FIG. 22 is a view similar to FIG. 20 illustrating the connection of the disposable fill line to the lower end cap fixture.

FIG. 23 is schematic view illustrating the air purge pathways for the filling system of FIG. 16.

FIG. 24 a is a plan view of a hairpin clip used to connect the disposable fill line to the upper and lower end cap fixtures.

FIG. 24 b is a plan view of an alternative end cap fixture and C-clip arrangement operable to secure the disposable fill line in position with respect to the flow meter.

FIG. 25 is a perspective view of a conduit and two end gaskets.

FIG. 26 is a perspective view of an insert fixture and a sanitary clamp.

FIG. 27 is a perspective view of the conduit and end gasket of FIG. 25 positioned within the insert fixture of FIG. 26.

FIG. 28 is another perspective view of the conduit and end gasket of FIG. 25 positioned within the insert fixture of FIG. 26.

FIG. 29 is a perspective view of an insert fixture including an air passage;

FIG. 30 is a perspective view of the insert fixture of FIG. 29 and a portion of a conduit passing therethrough.

FIG. 31 is a perspective view of the insert fixture of FIG. 29 and the portion of the conduit of FIG. 30 wrapped around the insert fixture.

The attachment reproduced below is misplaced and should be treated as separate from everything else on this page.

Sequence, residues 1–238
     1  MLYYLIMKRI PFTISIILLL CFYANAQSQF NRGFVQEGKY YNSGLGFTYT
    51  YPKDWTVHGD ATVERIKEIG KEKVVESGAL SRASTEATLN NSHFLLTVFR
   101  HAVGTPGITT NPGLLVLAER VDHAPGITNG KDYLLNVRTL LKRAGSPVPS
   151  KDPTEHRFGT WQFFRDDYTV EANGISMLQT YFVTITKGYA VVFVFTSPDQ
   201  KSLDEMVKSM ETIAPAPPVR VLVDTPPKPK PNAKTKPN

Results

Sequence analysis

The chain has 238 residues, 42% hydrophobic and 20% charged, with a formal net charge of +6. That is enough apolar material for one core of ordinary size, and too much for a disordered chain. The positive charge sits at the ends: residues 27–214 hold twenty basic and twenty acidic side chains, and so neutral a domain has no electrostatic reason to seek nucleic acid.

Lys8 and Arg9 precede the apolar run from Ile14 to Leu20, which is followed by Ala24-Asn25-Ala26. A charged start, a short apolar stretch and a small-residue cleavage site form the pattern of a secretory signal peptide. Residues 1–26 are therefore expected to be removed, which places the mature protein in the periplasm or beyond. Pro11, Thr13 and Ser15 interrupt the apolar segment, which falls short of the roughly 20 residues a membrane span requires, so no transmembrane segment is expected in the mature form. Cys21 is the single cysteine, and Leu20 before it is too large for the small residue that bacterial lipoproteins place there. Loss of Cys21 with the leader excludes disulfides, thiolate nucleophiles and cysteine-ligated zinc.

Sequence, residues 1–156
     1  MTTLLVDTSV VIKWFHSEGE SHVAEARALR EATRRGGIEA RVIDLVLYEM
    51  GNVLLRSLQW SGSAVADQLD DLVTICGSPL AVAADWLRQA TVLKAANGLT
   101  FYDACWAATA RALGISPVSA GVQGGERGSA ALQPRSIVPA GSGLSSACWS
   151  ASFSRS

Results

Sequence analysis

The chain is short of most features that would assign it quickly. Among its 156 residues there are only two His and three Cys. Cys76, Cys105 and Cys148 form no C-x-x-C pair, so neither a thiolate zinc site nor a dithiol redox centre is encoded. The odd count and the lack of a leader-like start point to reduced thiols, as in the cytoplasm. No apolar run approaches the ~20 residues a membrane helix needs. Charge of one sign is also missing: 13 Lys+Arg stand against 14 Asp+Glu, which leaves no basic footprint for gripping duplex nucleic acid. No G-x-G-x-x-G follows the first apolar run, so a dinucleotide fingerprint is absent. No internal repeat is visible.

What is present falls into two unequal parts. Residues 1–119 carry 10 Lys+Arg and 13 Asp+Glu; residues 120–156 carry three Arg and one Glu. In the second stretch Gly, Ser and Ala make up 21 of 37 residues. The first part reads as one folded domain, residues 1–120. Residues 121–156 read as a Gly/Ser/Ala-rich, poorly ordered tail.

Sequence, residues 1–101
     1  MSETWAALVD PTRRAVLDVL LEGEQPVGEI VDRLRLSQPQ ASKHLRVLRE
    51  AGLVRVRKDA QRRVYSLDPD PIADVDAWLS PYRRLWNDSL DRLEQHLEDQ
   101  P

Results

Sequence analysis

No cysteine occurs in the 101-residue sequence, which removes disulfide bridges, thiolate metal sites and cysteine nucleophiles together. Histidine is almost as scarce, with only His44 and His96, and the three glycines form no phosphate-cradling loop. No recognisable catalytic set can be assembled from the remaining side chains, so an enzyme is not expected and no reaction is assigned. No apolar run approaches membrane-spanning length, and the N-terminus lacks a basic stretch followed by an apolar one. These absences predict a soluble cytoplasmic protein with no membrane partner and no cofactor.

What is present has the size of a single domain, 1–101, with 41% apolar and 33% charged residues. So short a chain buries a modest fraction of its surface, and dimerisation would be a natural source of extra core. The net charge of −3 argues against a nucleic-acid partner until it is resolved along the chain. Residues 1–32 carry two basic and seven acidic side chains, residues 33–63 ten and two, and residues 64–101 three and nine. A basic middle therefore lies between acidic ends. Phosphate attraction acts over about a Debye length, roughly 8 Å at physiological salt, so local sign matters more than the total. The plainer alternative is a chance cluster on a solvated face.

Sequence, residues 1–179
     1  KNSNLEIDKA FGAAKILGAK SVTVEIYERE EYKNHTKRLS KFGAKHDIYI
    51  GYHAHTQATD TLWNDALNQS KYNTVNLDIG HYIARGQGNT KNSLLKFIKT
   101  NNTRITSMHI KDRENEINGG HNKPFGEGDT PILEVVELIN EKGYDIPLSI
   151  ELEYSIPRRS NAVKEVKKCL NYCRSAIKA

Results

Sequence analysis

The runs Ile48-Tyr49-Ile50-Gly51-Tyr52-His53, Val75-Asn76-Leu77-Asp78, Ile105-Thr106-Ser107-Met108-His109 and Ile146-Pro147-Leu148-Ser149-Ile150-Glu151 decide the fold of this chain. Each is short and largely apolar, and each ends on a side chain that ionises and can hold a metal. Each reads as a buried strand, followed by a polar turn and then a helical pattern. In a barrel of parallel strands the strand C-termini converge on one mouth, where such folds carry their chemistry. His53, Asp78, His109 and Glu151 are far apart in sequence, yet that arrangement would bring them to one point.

FIG. 32 is a perspective view of a tool employed to wrap the conduit around the insert fixture of FIG. 29.

FIG. 33 is a perspective view of the insert fixture of FIG. 29 and a portion of a conduit passing therethrough.

FIG. 34 is a perspective view of the insert fixture of FIG. 29 and the portion of the conduit of FIG. 30 wrapped around the insert fixture and covering a gasket.

FIG. 35 is a perspective view of a sanitary fitting attached to a tube.

FIG. 36 is a perspective view of a gasket installation device.

FIG. 37 is a perspective view of the gasket installation device of FIG. 36 inserted into a portion of the conduit.

FIG. 38 is a perspective view of the gasket installation device of FIG. 36 inserted into a portion of the conduit and a gasket.

FIG. 39 is a perspective view of the gasket installation device of FIG. 36 inserted into a portion of the conduit and a gasket with a tool installed to expand an expandable portion.